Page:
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For many of us attending the downtown Napa Climate Strike on Friday, Sept. 20, the event was energizing if also poignant. Such enthusiasm.

I could hear cheering and chanting from several blocks away as I parked and walked down Main Street to Veterans Park, the beginning of the march: "We’re students, united, we’ll never be divided! We’re students, united, we’ll never be divided!"

As new groups of students arrived carrying signs and chanting, they were greeted with raucous cheers and clapping. So much excitement. So much optimism. That’s where the poignancy comes in.

We older folks stood in the back, in the shade. A Napa Valley Register reporter approached me: "Why are you here?" I gestured toward the whooping, even joyous, crowd of kids, ages from kindergarten through high school, and said, "They need us. They need our support because they are facing a huge burden: climate change. And the actions of many of our governing officials do not reflect this."

Yes, we are in a climate emergency.

As I was telling my son Casey and daughter-in-law Melissa about the march that evening, Casey showed me the most recent "National Geographic" magazine, subject: Extinction.

On the front cover was a man kneeling over the last white rhino on the planet, dead. Opening the magazine, I came upon a picture of a giraffe, the largest living ruminant on the earth, lying on its side, shot. What would ever motivate someone to kill such a beautiful animal?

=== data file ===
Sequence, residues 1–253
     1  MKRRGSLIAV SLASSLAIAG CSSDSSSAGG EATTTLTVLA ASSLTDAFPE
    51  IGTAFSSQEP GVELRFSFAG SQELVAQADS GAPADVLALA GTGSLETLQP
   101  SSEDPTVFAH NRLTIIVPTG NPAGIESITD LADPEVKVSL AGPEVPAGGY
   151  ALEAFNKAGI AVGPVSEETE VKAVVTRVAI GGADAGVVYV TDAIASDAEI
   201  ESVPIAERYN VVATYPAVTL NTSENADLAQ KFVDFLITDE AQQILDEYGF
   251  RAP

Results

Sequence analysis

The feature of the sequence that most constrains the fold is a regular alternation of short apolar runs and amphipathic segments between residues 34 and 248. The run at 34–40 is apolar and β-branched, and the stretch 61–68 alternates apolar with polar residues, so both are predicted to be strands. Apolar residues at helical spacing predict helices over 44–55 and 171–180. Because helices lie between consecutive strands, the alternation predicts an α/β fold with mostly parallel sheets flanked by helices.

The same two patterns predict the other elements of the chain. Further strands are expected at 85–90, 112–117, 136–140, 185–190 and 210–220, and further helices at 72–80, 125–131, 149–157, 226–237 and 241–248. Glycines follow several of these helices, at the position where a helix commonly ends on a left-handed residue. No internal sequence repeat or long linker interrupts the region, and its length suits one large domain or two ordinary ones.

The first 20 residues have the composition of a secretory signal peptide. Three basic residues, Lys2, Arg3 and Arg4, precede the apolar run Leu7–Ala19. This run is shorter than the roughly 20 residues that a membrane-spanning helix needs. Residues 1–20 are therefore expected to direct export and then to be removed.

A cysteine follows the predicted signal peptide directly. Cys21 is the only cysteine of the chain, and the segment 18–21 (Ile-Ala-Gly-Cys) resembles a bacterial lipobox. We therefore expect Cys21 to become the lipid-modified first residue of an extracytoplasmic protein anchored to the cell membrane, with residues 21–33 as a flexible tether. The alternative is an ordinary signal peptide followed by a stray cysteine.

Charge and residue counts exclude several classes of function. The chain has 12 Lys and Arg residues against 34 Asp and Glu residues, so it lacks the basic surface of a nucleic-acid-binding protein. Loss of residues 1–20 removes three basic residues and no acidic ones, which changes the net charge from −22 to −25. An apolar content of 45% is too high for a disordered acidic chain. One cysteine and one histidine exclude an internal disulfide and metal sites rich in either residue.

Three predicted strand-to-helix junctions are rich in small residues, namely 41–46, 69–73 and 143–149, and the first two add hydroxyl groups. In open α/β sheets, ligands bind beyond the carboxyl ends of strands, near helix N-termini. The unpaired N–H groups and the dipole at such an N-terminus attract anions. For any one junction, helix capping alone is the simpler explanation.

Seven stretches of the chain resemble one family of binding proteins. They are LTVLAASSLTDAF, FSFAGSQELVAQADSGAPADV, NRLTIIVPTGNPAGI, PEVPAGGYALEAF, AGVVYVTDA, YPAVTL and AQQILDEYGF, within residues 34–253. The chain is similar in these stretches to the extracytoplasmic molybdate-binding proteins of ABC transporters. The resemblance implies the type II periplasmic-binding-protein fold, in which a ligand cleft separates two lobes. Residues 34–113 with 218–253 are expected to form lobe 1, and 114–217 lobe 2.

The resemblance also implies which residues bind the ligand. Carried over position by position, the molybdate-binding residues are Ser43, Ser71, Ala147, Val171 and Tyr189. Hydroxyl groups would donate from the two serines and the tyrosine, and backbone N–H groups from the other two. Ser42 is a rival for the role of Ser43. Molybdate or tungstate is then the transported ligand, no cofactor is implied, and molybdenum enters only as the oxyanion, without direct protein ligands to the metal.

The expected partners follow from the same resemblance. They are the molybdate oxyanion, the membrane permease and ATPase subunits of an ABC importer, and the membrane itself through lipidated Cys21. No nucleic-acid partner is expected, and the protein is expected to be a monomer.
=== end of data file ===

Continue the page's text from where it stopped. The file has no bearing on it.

“This issue is too sad to show Wesley and Sabien,” Casey said, and then added, “Yet I have so much respect for National Geographic reporting as they are.”

When is a child able to take in the severity of our situation? At what age can they handle knowing the facts? At what age will we adults take in the facts that foreshadow doom for human life on earth -- and act? We have yet to have a county Climate Action Plan, although it’s been in the works for 10-plus years. Our Board of Supervisors allowed prevailing industries to modify it.

Actions to protect our water and our environment have been neutralized by these same industries. Witness Measure C, which was heavily opposed by the wine industry.

As I watched classroom after classroom arrive for the downtown climate rally, chills ran up and down my arms as I listened to the shrieking and cheering of children welcoming each group: the little ones, the teenagers. My heart hurt to listen to their “yes we can” attitude. Yes, they are optimistic. Yes, that is good, because it will carry them a distance. But the truth is, I have some idea of what a distance there is to go if we make it at all.

But we need to have their backs. Why are we letting them carry an adult load? We all have to act as if this is a climate emergency– because it is.

Patricia Damery

Napa

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